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For the majority of us, the past 18 months have been life-changing. The COVID-19 pandemic has had — and will continue to have — many seemingly unrelated effects on our society. From supply shortages to restructured work and school environments, our society has had to pivot and innovate in ways that we never would have previously imagined. 

As an unexpected consequence of the pandemic, the U.S. workforce is seeing a dramatic rise in the number of individuals leaving their jobs. The script has flipped — instead of applicants hearing crickets from potential employers, interviewers now complain of being stood up by candidates. To prevent employees from leaving their workplaces in droves, leaders must recognize the importance now more than ever that investing in employee training is the key to increasing their happiness (and therefore retention). 

For many, the first step to happiness in their professional life comes from feeling valued within their organization. Fortunately, this can be developed by setting employees up for success through clear expectations and proper job training. In this blog, we’ll explore employee training as a critical investment for association leaders to help combat the Great Resignation while bolstering employee morale.

What is the Great Resignation?

The Great Resignation refers to the vast number of individuals who have left their jobs in 2021 following the height of the COVID-19 pandemic in 2020. The U.S. Bureau of Labor Statistics announced that 2.9 percent of the entire U.S. workforce, nearly 4.3 million individuals, left their jobs in August 2021. This represents a record-breaking month that occurred after several other record-breaking months in 2021. 

Related: Is the Great Resignation Affecting Associations? Learn More >

There are many theories as to why the Great Resignation is occurring, but one thing is for sure: it’s real, and its effects are evident across virtually all industries. Many point to the working conditions sustained over the past 18 months — remote work, homeschooling and more — that have shaped changes in our decision-making processes and led to individuals re-prioritizing their lives as the threat of COVID-19 recedes. The pandemic left many longing for a life with more flexibility, better financial security and heightened happiness.

Employee Training as an Investment

It’s well-known that hiring a new employee is more expensive than keeping an existing one. In fact, The Society for Human Resource Management (SHRM) estimates that the average replacement cost of a salaried employee is between six and nine months’ salary. Some estimates even claim this figure can be much higher, up to twice the employee’s salary. Compared to the average cost of a comprehensive training program, acquiring a new employee can be up to five times higher!

The 2020 Training Industry Report suggested the pandemic has led to declines in the amount organizations are spending on employee training and training payroll expenses. Pre-pandemic, companies averaged $1,286 in training costs per employee, which is down to $1,111 in 2021. While efficient budgeting is critical in these uncertain times, developing a full cost-benefit analysis on employee training expenses virtually always points to the need for proper training to ensure long term success and retention of employees.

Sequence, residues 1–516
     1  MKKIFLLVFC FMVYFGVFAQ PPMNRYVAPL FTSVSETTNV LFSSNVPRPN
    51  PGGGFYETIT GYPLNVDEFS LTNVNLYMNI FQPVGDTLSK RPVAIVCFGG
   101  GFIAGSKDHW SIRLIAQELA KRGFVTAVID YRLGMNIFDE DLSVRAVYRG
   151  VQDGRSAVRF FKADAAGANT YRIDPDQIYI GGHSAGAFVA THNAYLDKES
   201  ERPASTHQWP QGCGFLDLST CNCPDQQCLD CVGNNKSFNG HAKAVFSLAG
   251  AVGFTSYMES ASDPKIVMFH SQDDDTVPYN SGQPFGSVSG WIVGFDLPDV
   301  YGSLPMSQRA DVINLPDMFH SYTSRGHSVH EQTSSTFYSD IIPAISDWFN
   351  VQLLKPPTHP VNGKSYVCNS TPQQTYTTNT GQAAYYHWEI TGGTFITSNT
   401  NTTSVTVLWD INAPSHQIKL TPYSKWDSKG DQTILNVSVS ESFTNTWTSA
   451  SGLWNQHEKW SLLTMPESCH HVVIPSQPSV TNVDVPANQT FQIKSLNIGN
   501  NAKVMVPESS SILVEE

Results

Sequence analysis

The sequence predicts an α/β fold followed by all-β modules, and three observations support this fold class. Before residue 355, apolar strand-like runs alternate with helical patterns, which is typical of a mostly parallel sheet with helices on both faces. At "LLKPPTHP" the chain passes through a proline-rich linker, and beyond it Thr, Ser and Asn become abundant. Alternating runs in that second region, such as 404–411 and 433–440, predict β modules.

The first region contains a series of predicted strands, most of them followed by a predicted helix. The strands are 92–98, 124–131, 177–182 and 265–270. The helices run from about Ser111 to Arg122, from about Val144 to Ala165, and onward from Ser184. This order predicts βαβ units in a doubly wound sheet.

So, how can leadership retain existing staff? Investing in employee training. Think about it: if you have to replace an employee, training is already necessary (not to mention the administrative costs, supplies and managerial attention required for new hires). Why not invest that spend into your current staff instead? 

Cost of employee training

Yes, employee training requires a financial investment, and yes, budgets are tight these days. But the data repeatedly points to the value of investing in employee training instead of hiring new ones. These are the financial costs employers should be prepared for in terms of employee training:

  • Training materials and equipment
  • Learning platform (if using a virtual solution)
  • Productivity loss
  • Payment for outside help

On the other hand, the benefits of employee training are:

  • Increased employee satisfaction
  • Increased likelihood of retention
  • Demonstrated value of employees, which can improve morale, job satisfaction and motivation
  • Greater efficiency 
  • Improved productivity
  • Positive reputation for employer branding
  • Enhanced skills of workers organization-wide

It’s easy to identify which is more valuable in the long run. 

How Employee Retention can be Increased Through Training

What the Great Resignation continues to show us about the modern workforce is the desire and increased need for employees to feel valued and happy at work. When employees lack these things, they are more likely to leave and find a better work environment. By investing in personalized training programs for employees, association leaders can ensure their employees are set up for success, increasing employee satisfaction and retention.

Regardless of your association’s circumstances, if you are debating on investing in your current workforce’s training to combat the Great Resignation, the answer is yes! Your investment now will not only save your association on future costs but will provide rich learning experiences throughout your entire organization, strengthening morale and retention rates.

Emily Herrington
Post by Emily Herrington
November 1, 2021
Emily Herrington is a New Orleans-based digital marketer specializing in SEO, content, and pay-per-click advertising. She can usually be found at her desk obsessing over data and rankings, or in the kitchen covered in flour.